Perhaps the feature I should build into this tool is a tax-loss-harvesting notification tool. This would be immensely helpful for me in the not-too-distant future. Especially in my taxable account, I’d track the cost basis and time of purchase for each lot. TLH is of the only things (aside from 401k sheltering, mortgage interest, and charitable contributions) you and I can do to lower our taxable incomes in AMT territory. What’s your effective marginal tax rate? I’d imagine 50% after accounting for federal, and state, right?

      The consensus at Bogleheads seems to indicate a mixture of the above + Excel is optimal.

      • A TLH notification tool would be really cool. PersonalCapital should really provide this service, but I know they never will for various reasons. I think Quicken makes it fairly easy to review for possible TLH events because it tracks cost basis (I haven’t started doing this yet because I fairly recently started doing taxable accounts), but I don’t think it will provide any kind of alert.

        To calculate my EMTR, I went into TaxAct and upped my 2016 W2 income by $1000. Additional taxes due (Federal + State) were $545, for an EMTR of almost 55%. If I contribute the full $1000 to charity, the additional taxes due are reduced to $127.

        • EMTR of 55% is so depressing! Ouch!

          Let me dig more into the AMT and charitable contribution thing. I can’t explain it off the top of my head…

        • I took a closer look, and the number I gave you was inflated due to taxact calculating a penalty for overcontribution to a roth ira. After adjusting for this (and this time I entered the additional $1000 income as simple interest income), I think my combined EMTR is about 47%. Of this, 9.3% is CA (this is the normal tax bracket), and 37.5% is Fed. The reason for the high federal rate is a combination of regular taxes (at 25%), AMT (at 26%), and a phase out of the child tax credit (which effectively costs me $50 additional tax on the $1000 income).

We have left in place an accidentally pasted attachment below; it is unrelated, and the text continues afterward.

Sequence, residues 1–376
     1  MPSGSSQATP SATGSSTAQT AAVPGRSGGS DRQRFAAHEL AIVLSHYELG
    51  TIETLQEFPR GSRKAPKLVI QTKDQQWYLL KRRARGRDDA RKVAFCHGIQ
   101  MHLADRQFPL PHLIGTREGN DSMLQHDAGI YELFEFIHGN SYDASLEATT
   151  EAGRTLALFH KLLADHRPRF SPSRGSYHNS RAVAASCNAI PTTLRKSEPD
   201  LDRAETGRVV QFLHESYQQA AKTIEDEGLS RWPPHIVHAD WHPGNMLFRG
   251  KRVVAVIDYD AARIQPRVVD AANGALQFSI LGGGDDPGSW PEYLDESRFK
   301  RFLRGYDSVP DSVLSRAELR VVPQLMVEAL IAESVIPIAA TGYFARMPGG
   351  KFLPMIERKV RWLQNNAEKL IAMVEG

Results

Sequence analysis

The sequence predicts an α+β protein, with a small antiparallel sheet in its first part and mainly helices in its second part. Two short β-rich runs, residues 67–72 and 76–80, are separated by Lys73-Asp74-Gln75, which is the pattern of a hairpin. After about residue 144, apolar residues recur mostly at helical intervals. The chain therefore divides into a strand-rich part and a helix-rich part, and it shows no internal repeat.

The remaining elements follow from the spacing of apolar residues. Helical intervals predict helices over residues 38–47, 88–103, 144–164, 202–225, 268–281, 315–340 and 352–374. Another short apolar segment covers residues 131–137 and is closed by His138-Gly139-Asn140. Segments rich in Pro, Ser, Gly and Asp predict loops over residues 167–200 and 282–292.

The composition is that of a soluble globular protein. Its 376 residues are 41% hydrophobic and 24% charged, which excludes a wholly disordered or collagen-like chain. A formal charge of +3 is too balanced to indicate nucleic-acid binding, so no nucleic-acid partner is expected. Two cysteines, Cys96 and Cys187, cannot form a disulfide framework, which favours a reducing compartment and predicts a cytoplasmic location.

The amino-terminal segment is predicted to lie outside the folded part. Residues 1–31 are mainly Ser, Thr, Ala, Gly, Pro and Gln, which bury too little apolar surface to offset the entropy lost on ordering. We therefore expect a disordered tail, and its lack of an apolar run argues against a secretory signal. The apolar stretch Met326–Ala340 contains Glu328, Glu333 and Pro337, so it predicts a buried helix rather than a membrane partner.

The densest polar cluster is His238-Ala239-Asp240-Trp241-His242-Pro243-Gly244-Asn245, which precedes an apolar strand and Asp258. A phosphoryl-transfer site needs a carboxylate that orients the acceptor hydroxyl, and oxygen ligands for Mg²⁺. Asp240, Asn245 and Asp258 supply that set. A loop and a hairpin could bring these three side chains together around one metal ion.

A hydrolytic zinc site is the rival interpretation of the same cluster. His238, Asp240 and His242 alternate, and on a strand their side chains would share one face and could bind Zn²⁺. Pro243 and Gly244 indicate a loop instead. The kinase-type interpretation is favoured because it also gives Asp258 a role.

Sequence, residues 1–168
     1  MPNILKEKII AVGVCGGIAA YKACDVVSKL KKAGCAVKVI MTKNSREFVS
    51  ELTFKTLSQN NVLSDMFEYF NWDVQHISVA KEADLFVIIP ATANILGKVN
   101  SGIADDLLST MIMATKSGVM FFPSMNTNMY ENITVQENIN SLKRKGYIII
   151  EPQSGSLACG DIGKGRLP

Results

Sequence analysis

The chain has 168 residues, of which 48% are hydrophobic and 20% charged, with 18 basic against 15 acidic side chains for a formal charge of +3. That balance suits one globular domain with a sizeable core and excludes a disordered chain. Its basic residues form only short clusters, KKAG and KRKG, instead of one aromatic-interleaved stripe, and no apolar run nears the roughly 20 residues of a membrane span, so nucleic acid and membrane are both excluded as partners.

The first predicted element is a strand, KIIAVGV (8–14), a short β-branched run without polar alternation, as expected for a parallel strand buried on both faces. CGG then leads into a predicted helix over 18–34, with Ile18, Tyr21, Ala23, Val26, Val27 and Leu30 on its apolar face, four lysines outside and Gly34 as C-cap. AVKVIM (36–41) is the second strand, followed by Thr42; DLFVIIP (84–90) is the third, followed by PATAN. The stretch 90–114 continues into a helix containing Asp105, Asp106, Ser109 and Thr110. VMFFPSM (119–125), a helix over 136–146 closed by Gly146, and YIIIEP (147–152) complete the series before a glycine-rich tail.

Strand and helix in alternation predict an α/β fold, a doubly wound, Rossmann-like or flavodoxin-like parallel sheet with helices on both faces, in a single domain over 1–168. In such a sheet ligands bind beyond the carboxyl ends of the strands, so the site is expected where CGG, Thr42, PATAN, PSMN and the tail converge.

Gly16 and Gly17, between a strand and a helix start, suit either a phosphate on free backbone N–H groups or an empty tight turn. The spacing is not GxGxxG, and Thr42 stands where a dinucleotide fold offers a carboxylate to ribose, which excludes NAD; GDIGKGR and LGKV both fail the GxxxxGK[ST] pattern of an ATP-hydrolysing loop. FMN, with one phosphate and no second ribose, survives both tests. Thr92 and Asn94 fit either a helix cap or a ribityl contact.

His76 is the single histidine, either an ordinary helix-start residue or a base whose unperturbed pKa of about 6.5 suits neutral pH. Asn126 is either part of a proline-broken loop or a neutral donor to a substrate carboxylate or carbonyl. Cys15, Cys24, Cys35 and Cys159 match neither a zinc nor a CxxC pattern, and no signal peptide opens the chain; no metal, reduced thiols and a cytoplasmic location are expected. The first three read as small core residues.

If I then contribute that $1000 to charity, I do get the write off under the AMT, but I still get hit with what is effectively a tax of $50 for phase out of the child tax credit (because the child tax credit is calculated based on AGI). So, even if I contribute the full $1000 of extra income to charity, it still effectively get taxed 5%.

          It’s really the child tax credit phase out which is the kicker here.

  2. Could you do a post on Yodlee sometime? I’ve heard of Quicken and the Intuit products as well as Personal Capital, but Yodlee is a new one for me. What are the advantages?

    • Yodlee is essentially the same thing as Mint and Personal Capital. If my memory serves me well, Yodlee preceded Mint and I first joined it around 2004/5. I joined mint a year or two later when it came online, but wasn’t convinced to switch over. Sadly, appears to be closed to new users.

      Personal capital does much the same as the above two, but adds a tiny bit of investment guidance. The annoying thing about them is you’ll get one call about hooking you up with a financial planner. If you don’t mind saying no the one time, they’re a good resource. However, since I’m perfectly capable of tracking expense ratios myself as well as portfolio allocation (how hard is it to take domestic / (total portfolio) to calculate % allocation to domestic), I don’t find any incremental benefit to Personal Capital above Yodlee.